Roy Artal (Pulmonologist and Critical Care Physician) gives expert video advice on: What are the common symptoms of hypersensitivity pneumonitis?; How is hypersensitivity pneumonitis treated? and more...
What is 'hypersensitivity pneumonitis'?
Hypersensitivity pneumonitis is an inflammatory or immune condition that develops within the lungs as a result of inhaling airborne particles. These particles can be anything from organic material, such as mold or feathers or bird droppings, things of that nature, to inorganic compounds such as certain types of chemicals that can trigger this type of reaction in the lungs.
What does pneumonitis mean?
Pneumonitis is a general medical term that means inflammation in the lung. Many different types of conditions can cause a pneumonitis. There can be an inflammatory pneumonitis, a chemical pneumonitis, an infectious pneumonitis and so forth.
What are the common causes of hypersensitivity pneumonitis?
The common causes of hypersensitivity pneumonitis can include inhaled proteins such as molds or funguses in the home. There's certainly been a lot of discussion in the press recently about the implications of mold growing in one's home and what the health implications are for that. Other conditions in which one might work with a variety of proteins or substances can include veterinarians who work with various animal furs and various animal droppings. There's something called pigeon breeder's lung where people develop hypersensitivity pneumonitis related to the proteins from the pigeon. Other workers such as farmers might develop hypersensitivity pneumonitis related to mold that could be found in haystacks and so forth.
What are the common symptoms of hypersensitivity pneumonitis?
The common systems of hypersensitivity pneumonitis are really quite legion because the disease itself can present in very different ways. It can present from anything such as a minimal cough that might be chronic over months and even years sometimes, to low grade fevers, to acute shortness of breath, to coughing up phlegm, to chest pain. It is really dependent on the type of the exposure, the degree of the exposure and over how long it has been taking place.
How is hypersensitivity pneumonitis diagnosed?
Hypersensitivity pneumonitis is diagnosed most importantly on the basis of a history that is compatible with this type of phenomenon, and that's why it is so important that when you see these patients you really have to take a very detailed history not just of the work environment but of the home environment. Do they have pets at home? Do they engage in certain hobbies? Woodworkers, for example, can develop hypersensitivity pneumonitis and there are certain types of woods where the protein or the sawdust that is created from these woods are very well known to be associated with the development of this type of pneumonitis. Taking a very detailed work history, home history, hobby history, finding out what materials are in the home, asking about things such as mold in the home, inquiring about the possibility of water damage in the home, taking a pet history and so forth are all critical in coming up with a diagnosis of hypersensitivity pneumonitis.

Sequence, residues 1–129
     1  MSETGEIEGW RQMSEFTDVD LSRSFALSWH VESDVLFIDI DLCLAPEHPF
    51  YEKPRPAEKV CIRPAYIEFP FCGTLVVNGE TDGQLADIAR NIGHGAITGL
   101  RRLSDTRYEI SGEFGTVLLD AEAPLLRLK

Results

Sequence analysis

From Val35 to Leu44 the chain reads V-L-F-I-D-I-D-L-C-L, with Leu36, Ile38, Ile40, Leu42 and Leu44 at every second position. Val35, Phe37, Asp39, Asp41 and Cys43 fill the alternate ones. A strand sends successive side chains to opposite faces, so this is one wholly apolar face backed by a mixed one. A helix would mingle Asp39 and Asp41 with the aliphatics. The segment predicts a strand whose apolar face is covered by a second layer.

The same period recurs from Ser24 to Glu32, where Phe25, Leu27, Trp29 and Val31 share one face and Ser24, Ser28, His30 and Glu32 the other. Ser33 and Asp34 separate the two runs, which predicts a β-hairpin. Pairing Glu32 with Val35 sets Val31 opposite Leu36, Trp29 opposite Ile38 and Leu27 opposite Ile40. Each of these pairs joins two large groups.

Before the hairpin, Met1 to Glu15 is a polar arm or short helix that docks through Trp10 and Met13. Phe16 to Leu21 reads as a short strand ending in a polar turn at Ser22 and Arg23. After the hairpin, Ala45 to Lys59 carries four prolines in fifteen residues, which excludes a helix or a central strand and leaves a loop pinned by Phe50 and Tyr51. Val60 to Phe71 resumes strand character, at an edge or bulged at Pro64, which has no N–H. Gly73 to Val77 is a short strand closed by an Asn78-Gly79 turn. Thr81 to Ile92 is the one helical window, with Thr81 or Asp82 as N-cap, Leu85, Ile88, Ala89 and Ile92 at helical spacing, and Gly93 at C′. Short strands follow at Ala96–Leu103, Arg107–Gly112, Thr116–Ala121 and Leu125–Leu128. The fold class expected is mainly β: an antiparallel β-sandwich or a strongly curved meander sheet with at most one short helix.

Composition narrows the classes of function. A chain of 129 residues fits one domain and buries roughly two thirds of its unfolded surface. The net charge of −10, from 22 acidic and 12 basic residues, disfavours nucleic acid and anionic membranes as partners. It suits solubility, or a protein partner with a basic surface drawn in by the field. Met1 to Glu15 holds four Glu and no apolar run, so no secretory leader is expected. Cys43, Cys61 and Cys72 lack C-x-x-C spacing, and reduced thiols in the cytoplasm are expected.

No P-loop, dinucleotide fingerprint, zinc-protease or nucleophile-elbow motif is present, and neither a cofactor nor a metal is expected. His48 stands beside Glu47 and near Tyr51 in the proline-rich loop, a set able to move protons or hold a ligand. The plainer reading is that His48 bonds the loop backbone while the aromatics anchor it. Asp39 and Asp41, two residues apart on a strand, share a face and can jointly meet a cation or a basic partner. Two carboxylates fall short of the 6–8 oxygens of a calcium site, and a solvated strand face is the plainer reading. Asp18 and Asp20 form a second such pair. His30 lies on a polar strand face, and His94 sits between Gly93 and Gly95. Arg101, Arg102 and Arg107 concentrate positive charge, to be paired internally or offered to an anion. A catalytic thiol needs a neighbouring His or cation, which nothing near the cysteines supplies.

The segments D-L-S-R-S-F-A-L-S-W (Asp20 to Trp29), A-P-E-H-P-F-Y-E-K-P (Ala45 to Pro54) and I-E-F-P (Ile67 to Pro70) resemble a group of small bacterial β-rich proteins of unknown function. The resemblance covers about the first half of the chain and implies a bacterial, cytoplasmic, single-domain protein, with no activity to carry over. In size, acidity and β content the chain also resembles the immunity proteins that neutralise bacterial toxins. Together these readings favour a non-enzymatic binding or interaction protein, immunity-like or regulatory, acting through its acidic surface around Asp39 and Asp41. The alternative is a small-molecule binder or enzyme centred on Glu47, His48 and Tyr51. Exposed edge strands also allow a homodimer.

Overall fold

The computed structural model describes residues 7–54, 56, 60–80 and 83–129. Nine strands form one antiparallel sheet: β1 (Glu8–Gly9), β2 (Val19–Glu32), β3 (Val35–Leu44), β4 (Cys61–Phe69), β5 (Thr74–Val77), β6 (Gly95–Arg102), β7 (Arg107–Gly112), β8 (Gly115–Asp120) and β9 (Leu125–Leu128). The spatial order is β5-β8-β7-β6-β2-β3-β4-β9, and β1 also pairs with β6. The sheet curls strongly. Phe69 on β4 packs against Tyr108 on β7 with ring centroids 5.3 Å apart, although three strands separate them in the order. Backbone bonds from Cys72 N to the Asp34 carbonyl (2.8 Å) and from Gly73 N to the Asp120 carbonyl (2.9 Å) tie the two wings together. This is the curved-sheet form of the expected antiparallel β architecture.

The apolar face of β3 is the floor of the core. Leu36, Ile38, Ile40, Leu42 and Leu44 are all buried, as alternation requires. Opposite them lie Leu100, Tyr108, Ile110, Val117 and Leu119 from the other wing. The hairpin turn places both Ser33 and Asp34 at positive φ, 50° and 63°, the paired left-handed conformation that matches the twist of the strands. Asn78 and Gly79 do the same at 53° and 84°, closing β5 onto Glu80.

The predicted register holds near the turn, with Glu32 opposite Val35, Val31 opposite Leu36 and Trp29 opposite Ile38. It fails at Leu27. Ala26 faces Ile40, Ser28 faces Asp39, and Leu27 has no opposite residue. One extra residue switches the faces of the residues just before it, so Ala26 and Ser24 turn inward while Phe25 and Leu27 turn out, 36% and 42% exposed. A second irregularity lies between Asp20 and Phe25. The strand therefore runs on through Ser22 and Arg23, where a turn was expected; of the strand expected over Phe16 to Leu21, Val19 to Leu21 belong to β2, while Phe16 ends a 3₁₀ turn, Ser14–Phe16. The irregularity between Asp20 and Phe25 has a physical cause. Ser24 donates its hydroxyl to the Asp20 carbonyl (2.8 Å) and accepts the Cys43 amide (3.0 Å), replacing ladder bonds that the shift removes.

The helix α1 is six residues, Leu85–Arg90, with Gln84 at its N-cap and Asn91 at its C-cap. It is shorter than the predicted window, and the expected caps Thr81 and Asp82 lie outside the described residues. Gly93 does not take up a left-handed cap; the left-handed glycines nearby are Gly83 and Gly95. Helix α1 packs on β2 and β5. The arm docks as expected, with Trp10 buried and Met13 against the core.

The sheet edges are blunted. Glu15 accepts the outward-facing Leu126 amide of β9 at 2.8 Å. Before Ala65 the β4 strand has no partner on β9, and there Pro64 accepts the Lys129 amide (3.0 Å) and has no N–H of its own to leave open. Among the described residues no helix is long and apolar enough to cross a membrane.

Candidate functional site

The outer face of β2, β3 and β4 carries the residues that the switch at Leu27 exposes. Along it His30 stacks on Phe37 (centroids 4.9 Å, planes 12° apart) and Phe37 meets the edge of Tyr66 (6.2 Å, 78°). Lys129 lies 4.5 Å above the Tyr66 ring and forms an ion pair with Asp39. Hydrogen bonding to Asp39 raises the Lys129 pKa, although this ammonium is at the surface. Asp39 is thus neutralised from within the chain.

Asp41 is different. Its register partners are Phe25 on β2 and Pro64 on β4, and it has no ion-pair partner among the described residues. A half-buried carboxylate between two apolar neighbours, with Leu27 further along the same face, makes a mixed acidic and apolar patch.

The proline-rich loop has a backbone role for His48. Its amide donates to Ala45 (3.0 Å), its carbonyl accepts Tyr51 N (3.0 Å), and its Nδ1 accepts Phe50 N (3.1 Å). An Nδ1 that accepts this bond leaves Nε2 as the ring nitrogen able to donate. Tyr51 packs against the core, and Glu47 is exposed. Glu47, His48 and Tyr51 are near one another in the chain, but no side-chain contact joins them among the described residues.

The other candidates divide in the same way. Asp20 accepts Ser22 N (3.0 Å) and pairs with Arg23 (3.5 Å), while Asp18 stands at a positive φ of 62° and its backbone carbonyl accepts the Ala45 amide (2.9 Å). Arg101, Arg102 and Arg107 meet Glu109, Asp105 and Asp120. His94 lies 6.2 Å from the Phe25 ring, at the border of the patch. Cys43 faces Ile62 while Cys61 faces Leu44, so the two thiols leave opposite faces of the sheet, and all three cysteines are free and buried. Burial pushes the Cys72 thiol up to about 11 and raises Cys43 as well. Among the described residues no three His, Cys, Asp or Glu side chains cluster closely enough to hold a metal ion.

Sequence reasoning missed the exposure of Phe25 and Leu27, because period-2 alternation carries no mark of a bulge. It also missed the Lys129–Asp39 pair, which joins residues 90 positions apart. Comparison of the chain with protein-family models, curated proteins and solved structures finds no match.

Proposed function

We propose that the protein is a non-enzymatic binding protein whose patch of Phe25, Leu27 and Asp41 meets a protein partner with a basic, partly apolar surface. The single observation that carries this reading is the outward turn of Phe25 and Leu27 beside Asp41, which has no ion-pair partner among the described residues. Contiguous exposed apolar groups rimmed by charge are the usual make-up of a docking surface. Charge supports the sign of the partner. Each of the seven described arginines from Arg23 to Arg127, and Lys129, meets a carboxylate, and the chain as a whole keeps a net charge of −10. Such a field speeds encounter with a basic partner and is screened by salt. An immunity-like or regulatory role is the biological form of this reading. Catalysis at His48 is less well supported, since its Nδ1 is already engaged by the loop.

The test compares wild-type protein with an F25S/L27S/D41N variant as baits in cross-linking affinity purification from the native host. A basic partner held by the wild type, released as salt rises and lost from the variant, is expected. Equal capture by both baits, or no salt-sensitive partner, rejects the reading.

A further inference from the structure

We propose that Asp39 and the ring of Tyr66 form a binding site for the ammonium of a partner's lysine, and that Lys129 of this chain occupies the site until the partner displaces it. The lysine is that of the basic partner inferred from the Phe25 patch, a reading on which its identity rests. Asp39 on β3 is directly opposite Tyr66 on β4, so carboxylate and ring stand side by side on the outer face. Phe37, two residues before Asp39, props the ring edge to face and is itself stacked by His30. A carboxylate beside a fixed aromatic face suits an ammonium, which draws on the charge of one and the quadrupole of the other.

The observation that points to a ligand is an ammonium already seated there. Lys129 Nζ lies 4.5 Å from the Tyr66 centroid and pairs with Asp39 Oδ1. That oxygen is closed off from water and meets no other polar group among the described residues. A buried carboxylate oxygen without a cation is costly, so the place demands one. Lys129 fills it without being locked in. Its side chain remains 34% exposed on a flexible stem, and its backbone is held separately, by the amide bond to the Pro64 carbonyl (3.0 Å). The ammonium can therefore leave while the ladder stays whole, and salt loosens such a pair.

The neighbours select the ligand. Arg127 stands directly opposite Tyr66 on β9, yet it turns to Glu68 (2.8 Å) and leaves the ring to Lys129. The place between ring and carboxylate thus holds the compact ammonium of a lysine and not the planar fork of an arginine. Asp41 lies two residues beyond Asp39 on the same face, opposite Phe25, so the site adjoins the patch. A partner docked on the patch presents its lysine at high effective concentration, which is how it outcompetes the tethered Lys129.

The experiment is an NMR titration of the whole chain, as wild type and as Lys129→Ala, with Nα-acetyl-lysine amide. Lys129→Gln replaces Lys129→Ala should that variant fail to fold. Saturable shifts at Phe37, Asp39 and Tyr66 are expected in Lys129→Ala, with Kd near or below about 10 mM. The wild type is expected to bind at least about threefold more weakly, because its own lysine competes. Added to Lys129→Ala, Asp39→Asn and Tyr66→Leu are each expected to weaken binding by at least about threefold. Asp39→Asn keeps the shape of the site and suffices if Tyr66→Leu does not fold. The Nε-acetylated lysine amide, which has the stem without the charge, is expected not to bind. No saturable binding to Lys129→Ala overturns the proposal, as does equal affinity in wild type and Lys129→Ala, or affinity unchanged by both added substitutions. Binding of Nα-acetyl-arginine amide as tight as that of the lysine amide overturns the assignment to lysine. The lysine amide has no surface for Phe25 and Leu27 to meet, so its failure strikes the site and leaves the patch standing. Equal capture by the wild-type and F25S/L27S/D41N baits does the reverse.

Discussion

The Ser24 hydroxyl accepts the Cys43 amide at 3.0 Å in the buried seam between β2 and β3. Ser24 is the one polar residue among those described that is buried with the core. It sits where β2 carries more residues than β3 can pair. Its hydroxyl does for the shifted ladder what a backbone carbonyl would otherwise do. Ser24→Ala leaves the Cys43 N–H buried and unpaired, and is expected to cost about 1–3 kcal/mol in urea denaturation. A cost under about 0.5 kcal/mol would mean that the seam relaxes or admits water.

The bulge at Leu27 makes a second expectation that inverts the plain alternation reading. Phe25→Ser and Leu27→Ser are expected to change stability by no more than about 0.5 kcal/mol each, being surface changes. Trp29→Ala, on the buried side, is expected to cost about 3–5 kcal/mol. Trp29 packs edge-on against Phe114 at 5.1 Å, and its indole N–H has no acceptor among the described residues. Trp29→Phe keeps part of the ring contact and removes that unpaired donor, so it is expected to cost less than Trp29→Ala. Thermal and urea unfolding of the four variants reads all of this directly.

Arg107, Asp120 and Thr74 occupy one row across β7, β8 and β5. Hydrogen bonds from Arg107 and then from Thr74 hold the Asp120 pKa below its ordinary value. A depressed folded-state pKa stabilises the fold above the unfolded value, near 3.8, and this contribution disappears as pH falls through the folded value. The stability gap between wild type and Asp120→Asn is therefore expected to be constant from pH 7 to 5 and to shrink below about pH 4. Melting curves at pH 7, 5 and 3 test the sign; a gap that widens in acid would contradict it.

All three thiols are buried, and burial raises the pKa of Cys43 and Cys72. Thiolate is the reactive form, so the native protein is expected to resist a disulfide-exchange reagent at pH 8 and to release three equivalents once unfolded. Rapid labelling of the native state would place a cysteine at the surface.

How is hypersensitivity pneumonitis treated?
Hypersensitivity pneumonitis is treated first and foremost by taking the affected individual out of the offending environment. That is absolutely the most critical part of the treatment of hypersensitivity pneumonitis, to prevent additional antigenic exposure. Antigen is basically a medical term that means the product that you are responding to or the protein or item in the air that you are responding to. Get the person who is suffering from this condition away from that product or away from that agent. And then in terms of additional treatments, they can include such things as steroids, sometimes other immune-suppressive medications, but obviously those decisions are going to be made in conjunction with the treating pulmonologist.
Is hypersensitivity pneumonitis curable?
Hypersensitivity pneumonitis is curable, potentially. It really depends on the stage in which the condition is identified. If it's caught early when it's in the inflammation stage, then it's a reversible condition in which there's no permanent damage done, but if somebody is exposed to these products over the course of months and years, then inflammation can actually lead to scarring and the development of fibrosis. A scar is unfortunately not reversible.